Oct 22, 2009

Crisp Crusted Catfish & Potato Gratin with Goat Cheese and Garlic

As you're about to see, this wasn’t the most visually stunning meal to prepare. No fresh colors or interesting ingredients, just shades of tan and a lot of liquids. But then again, there are many foods that lack color and visual grace, but still reign victoriously when it comes to taste. Like deep fried candy bars. Not that this meal tasted anything like a fried candy bar. One could only wish that low-fat, un-fried foods could end up tasting like the divine concoctions of county fairs.

But doesn’t it seem like the foods we crave are usually the least beautiful? Sure, that salad is nice and colorful. And that sushi looks like art. But sometimes you just want a corn dog with a side of corn dogs. When I worked at Applebee’s, I remember one commonly ordered dish was the chicken fried chicken, which comes with mashed potatoes, garlic bread, and broccoli. And of course, people would always replace the broccoli with fries. Part of me felt guilty delivering that heaping plate of greasy brown carbs to the table. But just a small part. The largest part felt mostly jealous.

One thing I did get to do for this meal was visit the fresh seafood counter, which is always fun. It’s stuff like fresh seafood, and gourmet cheese and exotic produce that really make you feel like you’re going home to create something wonderful. Quite opposite to the feeling that’s induced after grabbing some mass produced, just-add-water, box of preservative-filled powder. Plus, fresh seafood is so exciting, with all those bright colors and crab legs spiking out everywhere, and huge slabs of salmon. I wish I could have snagged a few photos to liven up this post. But I did manage to snag the last four catfish fillets. Supposedly they’ve been selling like crazy.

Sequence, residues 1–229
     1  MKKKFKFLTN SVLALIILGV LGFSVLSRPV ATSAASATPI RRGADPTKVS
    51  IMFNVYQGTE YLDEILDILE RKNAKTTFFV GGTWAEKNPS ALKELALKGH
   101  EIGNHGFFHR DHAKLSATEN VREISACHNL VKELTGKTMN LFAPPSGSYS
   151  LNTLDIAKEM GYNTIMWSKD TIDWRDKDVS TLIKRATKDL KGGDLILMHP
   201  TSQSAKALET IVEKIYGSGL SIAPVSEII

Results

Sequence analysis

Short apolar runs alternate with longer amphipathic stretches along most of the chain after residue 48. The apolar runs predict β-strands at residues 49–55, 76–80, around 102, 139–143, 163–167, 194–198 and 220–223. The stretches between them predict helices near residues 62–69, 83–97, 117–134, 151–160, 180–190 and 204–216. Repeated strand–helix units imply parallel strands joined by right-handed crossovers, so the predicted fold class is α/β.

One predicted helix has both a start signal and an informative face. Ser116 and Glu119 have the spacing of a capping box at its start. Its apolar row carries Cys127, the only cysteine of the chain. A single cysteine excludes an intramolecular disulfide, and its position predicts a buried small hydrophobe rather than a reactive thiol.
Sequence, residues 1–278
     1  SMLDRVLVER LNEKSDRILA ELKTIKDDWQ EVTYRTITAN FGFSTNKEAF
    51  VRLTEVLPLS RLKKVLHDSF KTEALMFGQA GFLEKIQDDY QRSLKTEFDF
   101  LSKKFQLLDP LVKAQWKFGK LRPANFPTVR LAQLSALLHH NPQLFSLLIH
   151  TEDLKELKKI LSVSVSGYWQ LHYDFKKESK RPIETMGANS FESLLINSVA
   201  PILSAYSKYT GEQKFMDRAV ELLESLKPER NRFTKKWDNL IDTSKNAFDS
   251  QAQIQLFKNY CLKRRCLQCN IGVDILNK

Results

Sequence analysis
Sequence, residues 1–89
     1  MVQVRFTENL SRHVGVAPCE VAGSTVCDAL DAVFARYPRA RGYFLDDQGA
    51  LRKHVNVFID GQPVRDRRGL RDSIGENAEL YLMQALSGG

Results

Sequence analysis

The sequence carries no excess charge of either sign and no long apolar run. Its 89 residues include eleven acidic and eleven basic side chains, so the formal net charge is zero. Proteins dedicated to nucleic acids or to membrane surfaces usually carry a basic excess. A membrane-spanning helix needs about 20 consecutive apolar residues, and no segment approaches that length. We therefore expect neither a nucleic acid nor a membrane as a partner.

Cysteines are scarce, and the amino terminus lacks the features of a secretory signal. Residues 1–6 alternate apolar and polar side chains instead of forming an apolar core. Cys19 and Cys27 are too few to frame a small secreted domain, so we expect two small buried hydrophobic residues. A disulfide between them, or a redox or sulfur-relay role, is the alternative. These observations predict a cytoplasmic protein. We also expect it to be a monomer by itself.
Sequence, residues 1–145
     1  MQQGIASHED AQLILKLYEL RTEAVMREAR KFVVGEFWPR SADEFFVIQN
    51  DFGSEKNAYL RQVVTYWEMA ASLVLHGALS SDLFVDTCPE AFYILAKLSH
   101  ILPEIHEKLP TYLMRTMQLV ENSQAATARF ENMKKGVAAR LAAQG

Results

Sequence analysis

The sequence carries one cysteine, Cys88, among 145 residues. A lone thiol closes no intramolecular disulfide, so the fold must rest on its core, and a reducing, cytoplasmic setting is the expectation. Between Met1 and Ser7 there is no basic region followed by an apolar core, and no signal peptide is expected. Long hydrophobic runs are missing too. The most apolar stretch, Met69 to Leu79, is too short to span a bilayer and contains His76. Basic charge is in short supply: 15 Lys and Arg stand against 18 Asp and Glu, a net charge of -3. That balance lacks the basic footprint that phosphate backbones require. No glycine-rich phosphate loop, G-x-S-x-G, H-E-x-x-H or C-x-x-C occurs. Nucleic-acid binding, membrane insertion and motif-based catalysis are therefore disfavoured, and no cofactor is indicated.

At home, I started with the potatoes, which I predicted would cause a few problems because I don’t have a potato slicer or a Cuisinart or anything with the power to quickly and uniformly slice. But in actuality, they were a cinch. (Mother’s note: hold them steady with a fork. Those suckers are slippery!) The sauce was equally easy, which I layered between potato slices, then threw into the oven to forget about for an hour.






Next, the fish. Dip it, dredge it, then throw them in a hot pan of oil until golden brown. Don’t I wish! Instead, I sadly baked them. I think sadly is an appropriate descriptor because what I was really doing was denying the fish its right to be fried. And my right to eat it fried. There’s just something magical about the combination of fish, a bowl of batter and a vat of oil. That’s why no one ever hosts a fish bake. Or goes to Long John Silvers to order that one lonesome non-fried item on the menu.

But to my surprise, the fish came out looking deceivingly fried. And the potatoes came out looking deceivingly… pinkish. And rather void of life. I know it's hard to tell from the picture, but it looked kinda like potatoes in salmon pâté.